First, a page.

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A place to learn, mingle, and share

This room is for general discussion that doesn't specifically fit into one of the other CatholicMatch rooms. Topics should not be overly serious as this is to be more of a "cafe setting."

Saint Peter's Square was created so that more people could be in the presence of the Pope and was named after Saint Peter, one of Jesus's apostles.
Learn More: Saint Peter

What are you reading?

Dec 20th 2012 new

rolling eyes Sooo I've run out of things to read recently, and for fear of growing tired of my books and going through and rereading the bookshelf again I am wondering... what have you read lately that you wanted to share with someone or that you just thought was a good book? I'm looking for something new, but old is sometimes new too. Lemme know biggrin

Dec 20th 2012 new

Hi Jessica!


After seeing the new Lincoln movie, I was really inspired to get to know him a bit! I just finished Bill O'Reilly's "Killing Lincoln." An awesome read... and I don't venture far outside the bounds of theological texts when in the non-fiction arena!

Dec 20th 2012 new

The book I always recommend when I'm asked is "The Guernsey literary and potato peel pie society" by Mary Ann Shaffer and Annie Barrows.

Dec 20th 2012 new

The book I enjoyed the most was Lord of the Rings by J.R.R. Tolkien. I only read it a few summers ago, all three parts of the book. By the time it was over I was wishing it wasn't. The man was a genius.

I'd also recommend highly Victor Hugo's Les Miserables. I read the abridged version, which may have been a good choice because I heard the unabridged was a bit much. But the book was remarkable.


You've probably already read these two, but if not, those are two at the top of my list.

Dec 20th 2012 new

Just finished Serenade by James M. Cain. Great writer. Not his best novel, but very good. His novel Mildred Pierce is probably the best work of fiction ever written about the great depression.


Recently read:


Death Comes for the Archbishop, by Willa Cather. A beautiful and heartfelt treatment of Catholic missionary priests in New Mexico.


Meely LaBauve, by Ken Wells. This is a delightful debut novel - a cajun coming-of-age story. I really enjoyed and strongly recommend it!!


Felicia's Journey, by William Trevor. Compelling novel by an underrated Irish writer - creepy but full of humanity. Not something I'll forget anytime soon.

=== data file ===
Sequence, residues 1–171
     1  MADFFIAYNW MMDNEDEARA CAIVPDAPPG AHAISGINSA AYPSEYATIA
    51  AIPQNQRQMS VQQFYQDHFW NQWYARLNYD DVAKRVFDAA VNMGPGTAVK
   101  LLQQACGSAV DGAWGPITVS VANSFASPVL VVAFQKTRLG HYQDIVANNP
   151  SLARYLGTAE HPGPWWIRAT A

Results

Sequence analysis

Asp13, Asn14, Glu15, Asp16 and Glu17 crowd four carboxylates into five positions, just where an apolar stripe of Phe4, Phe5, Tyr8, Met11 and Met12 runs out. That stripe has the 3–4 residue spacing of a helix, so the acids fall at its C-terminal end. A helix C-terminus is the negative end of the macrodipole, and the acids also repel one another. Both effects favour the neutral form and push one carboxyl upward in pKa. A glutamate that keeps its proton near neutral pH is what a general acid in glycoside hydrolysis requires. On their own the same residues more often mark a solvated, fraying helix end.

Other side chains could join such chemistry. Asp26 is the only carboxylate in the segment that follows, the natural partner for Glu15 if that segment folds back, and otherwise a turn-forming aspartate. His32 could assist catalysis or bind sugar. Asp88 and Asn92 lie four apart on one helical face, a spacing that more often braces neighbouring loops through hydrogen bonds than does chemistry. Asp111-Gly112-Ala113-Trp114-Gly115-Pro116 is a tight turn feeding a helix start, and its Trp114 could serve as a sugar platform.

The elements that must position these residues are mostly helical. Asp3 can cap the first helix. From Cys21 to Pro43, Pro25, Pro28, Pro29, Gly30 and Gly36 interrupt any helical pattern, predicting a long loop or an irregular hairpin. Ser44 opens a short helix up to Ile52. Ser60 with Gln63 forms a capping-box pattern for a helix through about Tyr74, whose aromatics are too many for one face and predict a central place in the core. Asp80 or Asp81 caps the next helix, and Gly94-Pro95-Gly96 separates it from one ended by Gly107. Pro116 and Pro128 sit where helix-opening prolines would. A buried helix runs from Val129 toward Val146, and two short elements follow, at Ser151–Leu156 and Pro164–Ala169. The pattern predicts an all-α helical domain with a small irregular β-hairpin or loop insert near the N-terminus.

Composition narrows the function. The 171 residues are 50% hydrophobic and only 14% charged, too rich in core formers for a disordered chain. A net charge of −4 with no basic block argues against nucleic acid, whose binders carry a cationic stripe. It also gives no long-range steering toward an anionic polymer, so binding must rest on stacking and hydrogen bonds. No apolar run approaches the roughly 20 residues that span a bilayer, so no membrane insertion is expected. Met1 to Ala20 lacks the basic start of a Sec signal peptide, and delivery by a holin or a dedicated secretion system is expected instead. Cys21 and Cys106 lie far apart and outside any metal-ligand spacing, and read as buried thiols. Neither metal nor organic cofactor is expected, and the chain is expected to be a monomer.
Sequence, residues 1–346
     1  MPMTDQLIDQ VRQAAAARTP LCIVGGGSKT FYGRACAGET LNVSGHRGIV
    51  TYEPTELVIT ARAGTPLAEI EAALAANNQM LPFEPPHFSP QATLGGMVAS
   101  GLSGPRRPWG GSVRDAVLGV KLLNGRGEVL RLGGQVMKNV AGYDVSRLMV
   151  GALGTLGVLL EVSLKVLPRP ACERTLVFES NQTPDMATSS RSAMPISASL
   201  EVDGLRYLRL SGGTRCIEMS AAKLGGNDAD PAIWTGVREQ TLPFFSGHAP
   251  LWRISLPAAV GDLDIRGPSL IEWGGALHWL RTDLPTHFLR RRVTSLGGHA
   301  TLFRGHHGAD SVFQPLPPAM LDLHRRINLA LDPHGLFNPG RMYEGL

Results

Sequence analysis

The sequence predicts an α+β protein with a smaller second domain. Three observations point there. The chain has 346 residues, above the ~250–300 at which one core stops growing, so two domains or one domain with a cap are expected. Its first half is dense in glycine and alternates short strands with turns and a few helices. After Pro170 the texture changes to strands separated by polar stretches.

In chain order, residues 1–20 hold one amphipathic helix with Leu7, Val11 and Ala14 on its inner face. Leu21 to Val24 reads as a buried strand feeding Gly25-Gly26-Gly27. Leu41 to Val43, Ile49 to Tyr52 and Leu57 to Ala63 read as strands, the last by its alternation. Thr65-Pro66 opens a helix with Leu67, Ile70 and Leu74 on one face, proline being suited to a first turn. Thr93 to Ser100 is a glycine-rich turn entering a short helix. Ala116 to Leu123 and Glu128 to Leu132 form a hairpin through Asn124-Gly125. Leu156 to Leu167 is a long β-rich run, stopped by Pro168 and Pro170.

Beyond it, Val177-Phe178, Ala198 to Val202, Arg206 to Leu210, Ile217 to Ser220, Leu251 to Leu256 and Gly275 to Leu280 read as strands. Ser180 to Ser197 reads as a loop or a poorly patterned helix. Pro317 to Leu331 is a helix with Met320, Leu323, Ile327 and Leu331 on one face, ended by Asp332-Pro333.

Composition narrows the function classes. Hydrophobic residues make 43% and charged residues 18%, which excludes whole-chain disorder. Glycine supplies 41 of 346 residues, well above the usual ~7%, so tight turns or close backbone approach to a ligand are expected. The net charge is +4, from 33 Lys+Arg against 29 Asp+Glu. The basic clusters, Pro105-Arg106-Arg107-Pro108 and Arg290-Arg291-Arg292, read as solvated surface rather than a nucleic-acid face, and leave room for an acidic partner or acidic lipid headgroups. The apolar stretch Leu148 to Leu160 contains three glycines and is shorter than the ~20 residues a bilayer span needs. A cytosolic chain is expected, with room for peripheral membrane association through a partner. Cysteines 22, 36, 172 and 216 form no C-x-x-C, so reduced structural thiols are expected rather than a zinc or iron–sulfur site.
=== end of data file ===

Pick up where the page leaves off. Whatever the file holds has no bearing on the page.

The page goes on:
Nice Work, by David Lodge. Hilarious British farce about the roles of men and women in the post modern age.

Dec 20th 2012 new

I've got a few things sitting in my Nook now that I've started or am halfway through...


No Easy Day by Mark Owen


Gabriel's Inferno by Sylvain Reynard


Come Be My Light by Mother Teresa

Dec 20th 2012 new

Just started reading "Beethoven's Hair" by Russell Martin. It was recommended to me.

Dec 20th 2012 new

I'm about halfway through The Infancy Narratives - Jesus of Nazareth by Pope Benedict XVI. Great biblical exegesis. graduate pope yoda

Dec 20th 2012 new

(Quote) John-746882 said: The book I enjoyed the most was Lord of the Rings by J.R.R. Tolkien. I only read it a few summers ...
(Quote) John-746882 said:

The book I enjoyed the most was Lord of the Rings by J.R.R. Tolkien. I only read it a few summers ago, all three parts of the book. By the time it was over I was wishing it wasn't. The man was a genius.

I'd also recommend highly Victor Hugo's Les Miserables. I read the abridged version, which may have been a good choice because I heard the unabridged was a bit much. But the book was remarkable.


You've probably already read these two, but if not, those are two at the top of my list.

--hide--

John, have you read The Hobbit? I keep hearing about it especially now with the movie out, but I'm debating as to whether or not to buy it...

Additionally, I can also vouch for Les Mis. Really great read and I'm a tiny bit excited about the movie...

Dec 20th 2012 new
Hi Angie, I did read The Hobbit and I really enjoyed it! I'll bet the movies will be great too, if they're half as good as Lord of the Rings. John
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